About 3,800 people participated last year in the Mankato Marathon, so organizers set a goal of 5,000 for this year’s race. While the number of racers did increase to 4,064, organizers were a little disappointed, writes Amanda Dyslin of the Mankato Free Press. Anna Thill, president of the Greater Mankato Convention and Visitors Bureau, said the 5K and KidsK registrations were lower than expected. But that’s not to say that 4,100 people isn’t a great reflection on the event, Thill said. She said the estimated economic impact of the weekend-long event was about $1.5 million.
Here’s a story that doesn’t pop up every day. In a shop between golf shoe wholesaler GoBe Golf and lighted screen printing producer Ellumilite in Austin, Dr. Doug Bibus will expand his St. Paul business, Lipid Technologies. Adam Harringa of the Austin Daily Herald writes that Bibus is an understudy of Dr. Ralph Holman, the scientist who named Omega-3 fatty acids. Lipid Technologies is an analysis and consulting firm that specializes in fatty acid and lipid research, working with companies such as Hormel, athletes —including Olympians and the Jacksonville Jaguars — and others to measure fatty acids in food, medicine and basic research. Basically, Bibus said, his business is about using science to make food and people healthier. “A lot of what we’ve done over the years is changing the kinds of fats in foods, making foods healthier by adding Omega-3 fats,” Bibus said. To start, Bibus will have one other employee in Austin, but sees potential for growth.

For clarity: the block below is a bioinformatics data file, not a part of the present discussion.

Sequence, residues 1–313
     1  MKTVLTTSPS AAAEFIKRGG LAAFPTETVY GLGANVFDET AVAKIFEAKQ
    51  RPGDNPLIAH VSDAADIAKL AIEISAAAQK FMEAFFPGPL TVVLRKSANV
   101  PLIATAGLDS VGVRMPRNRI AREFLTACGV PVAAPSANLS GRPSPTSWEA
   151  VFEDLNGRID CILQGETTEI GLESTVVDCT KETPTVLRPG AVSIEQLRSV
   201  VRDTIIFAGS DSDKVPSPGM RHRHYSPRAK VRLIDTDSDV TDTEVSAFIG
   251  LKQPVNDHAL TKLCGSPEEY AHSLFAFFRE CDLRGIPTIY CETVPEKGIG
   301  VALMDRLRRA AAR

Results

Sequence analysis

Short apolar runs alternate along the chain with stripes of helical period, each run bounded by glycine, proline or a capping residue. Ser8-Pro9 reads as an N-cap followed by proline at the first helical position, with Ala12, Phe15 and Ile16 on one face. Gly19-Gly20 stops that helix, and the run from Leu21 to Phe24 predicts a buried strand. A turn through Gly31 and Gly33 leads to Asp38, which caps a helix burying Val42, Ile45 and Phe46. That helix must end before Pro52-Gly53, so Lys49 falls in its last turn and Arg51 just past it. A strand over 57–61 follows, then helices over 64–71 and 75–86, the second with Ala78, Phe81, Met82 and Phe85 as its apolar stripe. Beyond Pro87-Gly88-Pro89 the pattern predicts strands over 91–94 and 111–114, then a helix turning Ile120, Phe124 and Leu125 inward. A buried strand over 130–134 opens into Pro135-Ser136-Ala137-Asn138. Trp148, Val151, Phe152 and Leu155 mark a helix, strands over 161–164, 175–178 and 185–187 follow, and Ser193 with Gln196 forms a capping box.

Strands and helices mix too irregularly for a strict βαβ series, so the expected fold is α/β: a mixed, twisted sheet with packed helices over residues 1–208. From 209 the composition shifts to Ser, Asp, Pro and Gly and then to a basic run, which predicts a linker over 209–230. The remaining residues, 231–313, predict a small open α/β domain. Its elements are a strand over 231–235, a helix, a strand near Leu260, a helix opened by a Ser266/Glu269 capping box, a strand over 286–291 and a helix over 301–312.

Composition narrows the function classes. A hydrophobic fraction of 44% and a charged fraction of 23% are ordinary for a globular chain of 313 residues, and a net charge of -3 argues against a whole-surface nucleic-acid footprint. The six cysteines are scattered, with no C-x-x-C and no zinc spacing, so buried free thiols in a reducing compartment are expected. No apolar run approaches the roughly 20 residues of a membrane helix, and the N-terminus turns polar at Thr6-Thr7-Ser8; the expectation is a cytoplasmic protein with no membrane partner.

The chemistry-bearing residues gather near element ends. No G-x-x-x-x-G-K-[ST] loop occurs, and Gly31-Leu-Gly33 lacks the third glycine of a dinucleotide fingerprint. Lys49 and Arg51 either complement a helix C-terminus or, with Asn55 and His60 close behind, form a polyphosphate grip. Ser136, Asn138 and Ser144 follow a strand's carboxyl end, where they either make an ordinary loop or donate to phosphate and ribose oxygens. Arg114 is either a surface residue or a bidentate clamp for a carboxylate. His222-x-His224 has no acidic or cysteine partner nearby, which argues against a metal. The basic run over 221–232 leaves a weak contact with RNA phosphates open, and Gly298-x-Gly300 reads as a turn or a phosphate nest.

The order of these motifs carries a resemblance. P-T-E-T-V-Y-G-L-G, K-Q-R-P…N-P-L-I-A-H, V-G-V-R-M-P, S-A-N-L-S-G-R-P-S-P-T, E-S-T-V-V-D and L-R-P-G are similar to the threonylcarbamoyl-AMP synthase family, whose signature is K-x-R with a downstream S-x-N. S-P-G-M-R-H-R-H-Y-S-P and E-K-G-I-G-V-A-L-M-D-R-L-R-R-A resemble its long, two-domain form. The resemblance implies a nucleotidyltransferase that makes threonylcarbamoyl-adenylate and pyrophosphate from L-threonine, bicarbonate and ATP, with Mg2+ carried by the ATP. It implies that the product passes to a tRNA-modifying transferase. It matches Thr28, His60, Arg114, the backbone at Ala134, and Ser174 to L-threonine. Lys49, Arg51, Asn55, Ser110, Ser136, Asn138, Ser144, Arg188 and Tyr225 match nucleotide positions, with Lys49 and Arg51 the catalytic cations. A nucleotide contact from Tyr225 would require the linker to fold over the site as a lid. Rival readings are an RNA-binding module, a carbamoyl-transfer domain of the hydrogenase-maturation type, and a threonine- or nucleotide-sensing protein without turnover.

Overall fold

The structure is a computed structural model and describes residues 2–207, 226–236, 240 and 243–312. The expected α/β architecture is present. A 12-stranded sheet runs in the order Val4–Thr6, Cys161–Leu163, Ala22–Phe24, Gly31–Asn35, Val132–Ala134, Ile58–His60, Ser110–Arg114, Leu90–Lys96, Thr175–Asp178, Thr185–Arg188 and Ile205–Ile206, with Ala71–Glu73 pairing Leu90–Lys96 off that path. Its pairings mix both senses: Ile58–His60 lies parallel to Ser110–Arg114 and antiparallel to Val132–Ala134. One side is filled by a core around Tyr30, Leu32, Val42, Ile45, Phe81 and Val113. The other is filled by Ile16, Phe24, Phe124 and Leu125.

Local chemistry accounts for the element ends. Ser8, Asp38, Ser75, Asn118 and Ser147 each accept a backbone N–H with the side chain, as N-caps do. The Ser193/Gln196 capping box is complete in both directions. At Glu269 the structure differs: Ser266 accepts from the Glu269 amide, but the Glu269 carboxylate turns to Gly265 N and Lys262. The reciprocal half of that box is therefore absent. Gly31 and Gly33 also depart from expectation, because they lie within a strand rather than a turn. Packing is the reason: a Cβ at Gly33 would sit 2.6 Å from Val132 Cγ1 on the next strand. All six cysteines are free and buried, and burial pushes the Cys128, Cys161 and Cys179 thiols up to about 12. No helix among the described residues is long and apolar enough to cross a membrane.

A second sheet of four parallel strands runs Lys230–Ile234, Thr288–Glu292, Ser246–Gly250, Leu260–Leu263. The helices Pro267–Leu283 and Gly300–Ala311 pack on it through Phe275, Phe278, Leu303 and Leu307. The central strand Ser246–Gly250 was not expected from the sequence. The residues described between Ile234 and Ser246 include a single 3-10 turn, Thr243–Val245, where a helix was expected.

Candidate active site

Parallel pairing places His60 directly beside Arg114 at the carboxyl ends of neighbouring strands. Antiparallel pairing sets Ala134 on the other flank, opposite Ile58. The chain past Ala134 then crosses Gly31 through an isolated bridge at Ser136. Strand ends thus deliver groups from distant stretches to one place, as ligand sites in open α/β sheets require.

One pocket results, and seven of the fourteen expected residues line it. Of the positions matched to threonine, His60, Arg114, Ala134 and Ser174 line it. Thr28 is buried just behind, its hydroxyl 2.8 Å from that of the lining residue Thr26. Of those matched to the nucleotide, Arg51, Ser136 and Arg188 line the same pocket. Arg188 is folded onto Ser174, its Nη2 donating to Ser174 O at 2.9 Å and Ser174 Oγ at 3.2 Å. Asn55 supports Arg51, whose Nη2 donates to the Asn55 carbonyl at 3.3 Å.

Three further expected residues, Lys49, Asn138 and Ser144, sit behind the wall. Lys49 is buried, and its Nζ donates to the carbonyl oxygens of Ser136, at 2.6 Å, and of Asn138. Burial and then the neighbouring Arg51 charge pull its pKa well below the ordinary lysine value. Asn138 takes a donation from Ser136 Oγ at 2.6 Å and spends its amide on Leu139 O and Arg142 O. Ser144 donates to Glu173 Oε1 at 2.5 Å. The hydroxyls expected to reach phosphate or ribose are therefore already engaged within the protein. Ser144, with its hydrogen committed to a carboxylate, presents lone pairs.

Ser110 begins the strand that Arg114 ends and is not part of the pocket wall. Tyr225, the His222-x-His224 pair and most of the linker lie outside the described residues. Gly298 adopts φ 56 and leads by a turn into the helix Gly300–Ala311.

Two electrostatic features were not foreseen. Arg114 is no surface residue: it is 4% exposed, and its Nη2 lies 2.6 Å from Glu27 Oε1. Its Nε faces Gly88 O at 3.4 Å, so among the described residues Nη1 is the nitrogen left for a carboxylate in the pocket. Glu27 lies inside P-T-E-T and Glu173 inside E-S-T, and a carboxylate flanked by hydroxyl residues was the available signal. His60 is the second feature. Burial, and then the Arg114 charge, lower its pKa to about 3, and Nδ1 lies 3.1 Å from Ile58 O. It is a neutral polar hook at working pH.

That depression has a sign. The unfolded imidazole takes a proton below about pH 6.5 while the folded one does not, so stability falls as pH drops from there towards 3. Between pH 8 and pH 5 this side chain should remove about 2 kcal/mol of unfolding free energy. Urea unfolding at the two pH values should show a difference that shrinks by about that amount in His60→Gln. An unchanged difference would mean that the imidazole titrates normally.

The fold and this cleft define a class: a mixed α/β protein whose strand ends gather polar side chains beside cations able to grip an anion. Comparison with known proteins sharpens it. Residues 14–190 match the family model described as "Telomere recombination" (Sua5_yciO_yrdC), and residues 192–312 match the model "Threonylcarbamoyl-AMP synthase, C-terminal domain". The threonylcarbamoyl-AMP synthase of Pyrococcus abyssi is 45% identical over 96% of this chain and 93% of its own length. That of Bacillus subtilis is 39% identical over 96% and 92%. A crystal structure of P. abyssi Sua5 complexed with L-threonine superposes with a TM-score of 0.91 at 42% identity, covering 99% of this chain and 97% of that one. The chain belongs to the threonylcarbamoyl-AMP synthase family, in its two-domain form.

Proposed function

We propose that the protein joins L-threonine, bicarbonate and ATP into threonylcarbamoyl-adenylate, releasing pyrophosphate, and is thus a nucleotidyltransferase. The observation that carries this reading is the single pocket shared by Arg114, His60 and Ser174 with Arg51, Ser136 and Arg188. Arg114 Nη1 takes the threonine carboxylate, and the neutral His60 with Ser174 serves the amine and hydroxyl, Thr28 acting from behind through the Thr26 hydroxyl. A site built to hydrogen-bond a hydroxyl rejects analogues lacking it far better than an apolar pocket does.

The Willmar School District has approved an offer to sell the empty Lincoln School building for $21,000, writes Linda Vanderwerf of the West Central Tribune. The School Board voted to sell the block where the school and its parking lot are located to the Casa de Misericordia Church of Willmar. The name means House of Mercy in English. The cash sale is expected to close on Nov. 16. Realtor Doug Fenstra said other offers had been received for $8,500 and $15,000. Lincoln, located at 511 Julii St. S.E., was on the market for about two years and never had an offer until the board in September discussed tearing the building down. Several offers were received after that. Demolition of the building would have cost about $250,000. Fenstra said the district’s engineer told him there is still fuel oil in the tank of the backup heating system. However, it would cost more to remove and recycle the oil than it is worth, he said, so board members said they would leave it as is.